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Helping people takes patience, kindness, and empathy.
After all, we’re all put on this world together, so why not lend each other a hand, right? And you’re an expert at that. But if your resume hasn’t been hitting the mark recently, it might be time to get it admitted.
Pull up the proverbial chaise longue, and let’s work through this with some good ol’ fashioned applied therapist resume analysis.
This guide will show you:
- A therapist resume example better than 9 out of 10 other resumes.
- How to write a therapist resume that will land you more interviews.
- Tips and examples of how to put skills and achievements on a therapist resume.
- How to describe your experience on a resume for therapist roles to get any job you want.
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Sample resume made with our builder—See more resume examples here.
Seeking to improve a resume in a different medical field? We have these articles, just for you:
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Therapist Resume Example
Mary L. Walker
Compassionate licensed therapy professional with 6+ years of experience giving group and individual therapy sessions. Maintained a body of up to 18 regular patients who reported major quality-of-life improvements. Scored a 98% positive rating while working at Sunshine Therapy Clinic. Seeking to provide professional, high-quality care to Smith & Johns Clinic’s patients.
Sunshine Therapy Clinic, Puyallup, WA
May 2019–May 2022
- Delivered clinical counseling and case management services to clients ranging from 15 to 82 years of age, following established treatment guidelines.
- Attended bi-weekly training for group supervisions to assist Client Care Technicians with each particular patient as needed.
- Excelled at fulfilling the vision, approach, and policy of the company; commended 2x by Clinic Director for dutiful adherence to mission of making mental health care available to all.
- Utilized excellent written and verbal communication skills to connect with patients, with 98% of them leaving a positive rating, with an emphasis on personal relatability & active listening.
- Maintained professional attitude and set clear boundaries for patients to avoid creating conflicts of interest.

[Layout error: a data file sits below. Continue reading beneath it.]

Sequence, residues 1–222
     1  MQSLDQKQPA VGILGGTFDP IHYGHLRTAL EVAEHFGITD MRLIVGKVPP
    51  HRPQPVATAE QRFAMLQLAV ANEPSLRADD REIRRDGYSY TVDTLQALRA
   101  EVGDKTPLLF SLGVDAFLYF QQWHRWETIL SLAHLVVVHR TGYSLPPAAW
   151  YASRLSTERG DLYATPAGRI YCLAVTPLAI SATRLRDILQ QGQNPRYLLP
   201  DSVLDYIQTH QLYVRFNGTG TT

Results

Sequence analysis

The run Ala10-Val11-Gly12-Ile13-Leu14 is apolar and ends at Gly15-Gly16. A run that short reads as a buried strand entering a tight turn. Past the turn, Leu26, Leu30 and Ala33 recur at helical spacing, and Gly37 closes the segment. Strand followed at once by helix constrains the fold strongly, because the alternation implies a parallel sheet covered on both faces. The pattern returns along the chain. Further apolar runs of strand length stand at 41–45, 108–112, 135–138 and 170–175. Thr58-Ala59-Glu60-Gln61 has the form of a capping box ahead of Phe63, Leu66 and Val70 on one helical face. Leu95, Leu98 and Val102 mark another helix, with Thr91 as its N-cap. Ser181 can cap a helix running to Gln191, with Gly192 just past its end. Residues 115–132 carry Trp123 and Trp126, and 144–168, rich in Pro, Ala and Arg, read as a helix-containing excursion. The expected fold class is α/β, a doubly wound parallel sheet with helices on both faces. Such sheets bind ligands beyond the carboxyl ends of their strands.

School Guidance Counselor
Wake County Schools, Cary, NC
April 2017–April 2019
- Assisted disenfranchised students struggling with mental health.
- Created, monitored, maintained, and followed up on students’ graduation plans.
- Actively liaised between school administration, teachers, and parents to develop actions and initiatives to respond to student needs, especially related to family problems and eating disorders.
Master’s Degree in Counseling Psychology
Northeastern University, Boston, MA
Bachelor’s Degree in Mental Health Counseling
University of Mary Hardin-Baylor, Belton, TX
- Case Management
- Supportive Personality
- Individual & Group Therapy
- MS Office
- Keeping Documentation
- DSS Regulations
- Time Management
- Licensed Mental Health Counselor, 2019
- National Certified School Counselor, 2017
- Certified Eating Disorder Specialist, International Association Of Eating Disorders Professionals Foundation (IAEDP), 2017
- Creator & host of sports psychology podcast with 4,000 monthly listeners.
- Publication in the American Journal of Psychiatry: A New Agenda for Optimizing Investments in Community Mental Health and Reducing Disparities.
Now, let’s get to showing you how to write an even better therapist resume of your own:
1. Begin by Formatting Your Therapist Resume Template Correctly
Therapists are medical specialists aiming to guide and assist their patients in dealing with depression, anxiety, or any other mental health-related problems. That’s why, for a perfect therapist resume, you need to show appropriate skills, like empathy, kindness, and in-depth knowledge of psychology.
And let’s be clear here: healing can only begin if you’re open and honest with yourself.
So, cards on the table—when is the last time you took a look at the format of your resume?
Chances are, back when you first made it.
You’re way overdue for an update. A modern resume can help you get that breakthrough you need.
Here’s how to make yours look up to today’s standards:
- Choose the reverse-chronological format to illustrate your areas of expertise most prominently and easily.
- Don’t forget to include your contact information on your resume—typically at the top of the page.
- Even the littlest things matter, so go for a tried and tested resume font like Arial or Cambria. Use 11- or 12-point type and go slightly bigger for headings.
- Set your resume margins to 1 inch on every side.
- Keep the length of your resume in check: one page is ideal, two are okay if you have lots of experience (10+ years) and achievements to share.
- Lastly, I know chaise longues aren’t really the thing anymore. Sometimes, though, the classics are what get you that instant recognition. The classic choice here is to submit the resume in PDF format.
Pro Tip: Don’t send a PDF file if the recruitment post specifically states they only accept .doc or .docx. No point trying to outsmart them.
2. Lead with a Therapist Resume Objective or Summary
When a patient walks into your practice for the first time, right away they make a judgment call based on your personality.
Give off the wrong vibes and they won’t be showing up again.
Write a resume summary if you’ve been in the field at least for some time. State your years of experience, and present your biggest wins using positive adjectives, power verbs, and percentages to make a strong first impression.